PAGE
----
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Email marketing (2 of 3): Expand your reach

October 26, 2015

Part 2: For intermediate marketers


Photo: Dafne Cholet (CC)

Part 1 | Part 2 | Part 3

Email marketers ask people to subscribe to their lists and then contact them regularly (at least once a month). Beginners who haven’t done either of these tasks should visit Part 1.

At the intermediate level, we want to build a sustainable engine. Like blogs, I’ve seen too many email newsletters sputter and die within months. Don’t let that happen to your company’s precious marketing outreach.

I want you to work on these two tactics at the intermediate level: measuring open and click rates and creating an editorial calendar.

Regular readers know how much I care about tracking numbers. It’s important for you to know how effective your emails are, and tracking metrics should always be a part of your digital marketing.

Fortunately, most email providers have such metrics baked in. For example, I use MailChimp, a sponsor of my Y’all Connect annual conference, to send thousands of emails each month. I know that my emails usually have a 20 percent open rate, meaning that 20 percent of subscribers will open it at least once.

The industry average is 19 percent, so my goal is to beat that every time. Now you know exactly how many people bother to open your lovingly crafted email, and who they are.

(See why it’s not worth it to add subscribers without their consent? All you’ll get is a lousy open rate and possible fines.)

Your email might be simple and straightforward, with an image, some text and a button or link to click (you are providing a call to action, right?). Or your email might have multiple stories and links. Email metrics help you understand what subscribers click.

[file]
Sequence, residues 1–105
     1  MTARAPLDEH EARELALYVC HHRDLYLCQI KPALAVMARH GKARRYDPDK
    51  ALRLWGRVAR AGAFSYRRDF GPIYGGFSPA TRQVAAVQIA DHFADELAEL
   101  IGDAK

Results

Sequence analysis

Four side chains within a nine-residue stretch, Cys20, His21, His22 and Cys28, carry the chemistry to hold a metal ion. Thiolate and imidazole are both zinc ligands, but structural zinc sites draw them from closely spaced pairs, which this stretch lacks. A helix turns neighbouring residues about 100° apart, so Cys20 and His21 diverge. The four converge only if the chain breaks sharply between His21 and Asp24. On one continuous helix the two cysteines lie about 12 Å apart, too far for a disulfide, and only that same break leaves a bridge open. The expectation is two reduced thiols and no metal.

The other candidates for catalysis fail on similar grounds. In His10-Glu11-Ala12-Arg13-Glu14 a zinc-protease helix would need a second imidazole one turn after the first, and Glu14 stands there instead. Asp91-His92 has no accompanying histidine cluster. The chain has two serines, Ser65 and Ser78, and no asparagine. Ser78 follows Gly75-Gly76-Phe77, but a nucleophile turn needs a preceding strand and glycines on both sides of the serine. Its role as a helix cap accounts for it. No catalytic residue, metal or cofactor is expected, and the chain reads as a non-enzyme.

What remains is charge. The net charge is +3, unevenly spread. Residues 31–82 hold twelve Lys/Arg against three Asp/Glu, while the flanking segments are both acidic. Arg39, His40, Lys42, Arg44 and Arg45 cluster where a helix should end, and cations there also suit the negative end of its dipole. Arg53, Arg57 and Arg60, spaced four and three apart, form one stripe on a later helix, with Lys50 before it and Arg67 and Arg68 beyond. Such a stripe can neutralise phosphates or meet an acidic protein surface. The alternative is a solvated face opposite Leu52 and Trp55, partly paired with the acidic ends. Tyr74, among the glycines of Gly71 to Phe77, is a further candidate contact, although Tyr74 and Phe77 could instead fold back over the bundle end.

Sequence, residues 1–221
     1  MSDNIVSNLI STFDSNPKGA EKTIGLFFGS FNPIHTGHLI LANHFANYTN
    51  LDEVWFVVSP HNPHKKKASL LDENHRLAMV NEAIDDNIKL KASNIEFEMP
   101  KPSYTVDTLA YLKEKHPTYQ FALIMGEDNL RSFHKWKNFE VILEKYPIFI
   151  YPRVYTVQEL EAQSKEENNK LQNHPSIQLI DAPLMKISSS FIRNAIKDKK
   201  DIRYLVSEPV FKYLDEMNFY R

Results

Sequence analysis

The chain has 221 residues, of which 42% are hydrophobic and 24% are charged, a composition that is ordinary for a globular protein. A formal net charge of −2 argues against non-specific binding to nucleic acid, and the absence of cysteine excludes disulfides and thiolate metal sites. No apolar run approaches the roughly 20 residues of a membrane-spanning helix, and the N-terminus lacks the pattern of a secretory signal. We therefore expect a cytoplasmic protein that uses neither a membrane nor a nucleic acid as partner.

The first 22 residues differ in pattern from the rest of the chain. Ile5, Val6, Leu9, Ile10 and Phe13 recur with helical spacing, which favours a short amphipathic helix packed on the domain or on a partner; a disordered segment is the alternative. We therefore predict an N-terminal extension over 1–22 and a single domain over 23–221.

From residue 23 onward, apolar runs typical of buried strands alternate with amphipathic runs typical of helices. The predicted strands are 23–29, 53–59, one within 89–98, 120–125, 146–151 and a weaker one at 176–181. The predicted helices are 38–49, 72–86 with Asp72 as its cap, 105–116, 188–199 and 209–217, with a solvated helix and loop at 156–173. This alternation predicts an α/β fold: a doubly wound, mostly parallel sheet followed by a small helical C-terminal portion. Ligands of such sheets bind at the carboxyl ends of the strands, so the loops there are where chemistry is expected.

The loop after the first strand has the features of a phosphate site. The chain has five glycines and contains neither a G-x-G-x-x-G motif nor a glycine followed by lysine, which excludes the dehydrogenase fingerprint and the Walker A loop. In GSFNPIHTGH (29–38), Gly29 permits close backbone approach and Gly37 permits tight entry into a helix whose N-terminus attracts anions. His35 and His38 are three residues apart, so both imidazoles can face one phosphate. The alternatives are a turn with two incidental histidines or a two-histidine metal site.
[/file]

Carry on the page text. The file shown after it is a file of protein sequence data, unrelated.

Understanding their behavior helps you provide better content, craft better pitches and sell more widgets. The higher your click rate, the more likely people are following your directives, whether to click to your site or elsewhere.

My click rate hovers between 1 and 2 percent, which leaves a lot of room for improvement with an industry average of 2.15 percent.

MailChimp has a great up-to-date table of benchmarks for open rates and click rates.

The click map is another tool to study user behavior.

click map

Click on the click map to see larger version.

You can improve open rates by experimenting with:

  • subject lines;
  • delivery time and day;
  • consistency in timing and frequency;
  • great content inside.

You can improve click rates by experimenting with:

  • wording of calls to action;
  • newsletter layout;
  • buttons (like the one at the end of this post);
  • teasers vs. full stories;
  • understanding what your audience craves.

I also track other email-related statistics. For example, how many people reading my latest post came via my email newsletter? How many sales and queries did I generate through this week’s newsletter?

Working with your email newsletter falls under my three-step plan for all aspects of digital marketing: 1. Experiment. 2. Measure. 3. Adjust. A spreadsheet, by the way, is an excellent way to record all of this data you’re tracking.

Long-term planning requires an editorial calendar. This tool helped me plan content at every media outlet I managed and will help you organize topics, writers and deadlines.

Brainstorm topics for future email newsletters, then organize them chronologically in a spreadsheet. Set aside a few hours to write your newsletters for the month or the quarter; batching can be a huge time-saver. Coordinate with colleagues who have roles in publishing the newsletter (writer, editor, photographer, designer, boss).

And coordinate your emails with your other marketing efforts: ads in traditional media, events, blog posts, social media campaigns, webinars and anything else.

A great editorial calendar keeps everyone in sync and allows for changes as marketing plans and audiences evolve. The hours invested in putting it together saves time and money down the road.

Download my free template to start building your own editorial calendar for email newsletters:

By working on metrics and an editorial calendar in advance, your email newsletter will grow in readership and engagement over the coming year. This is where you start to leave your competitors behind.

Parts 3 coming next week, with advanced tactics.

Part 1 | Part 2 | Part 3

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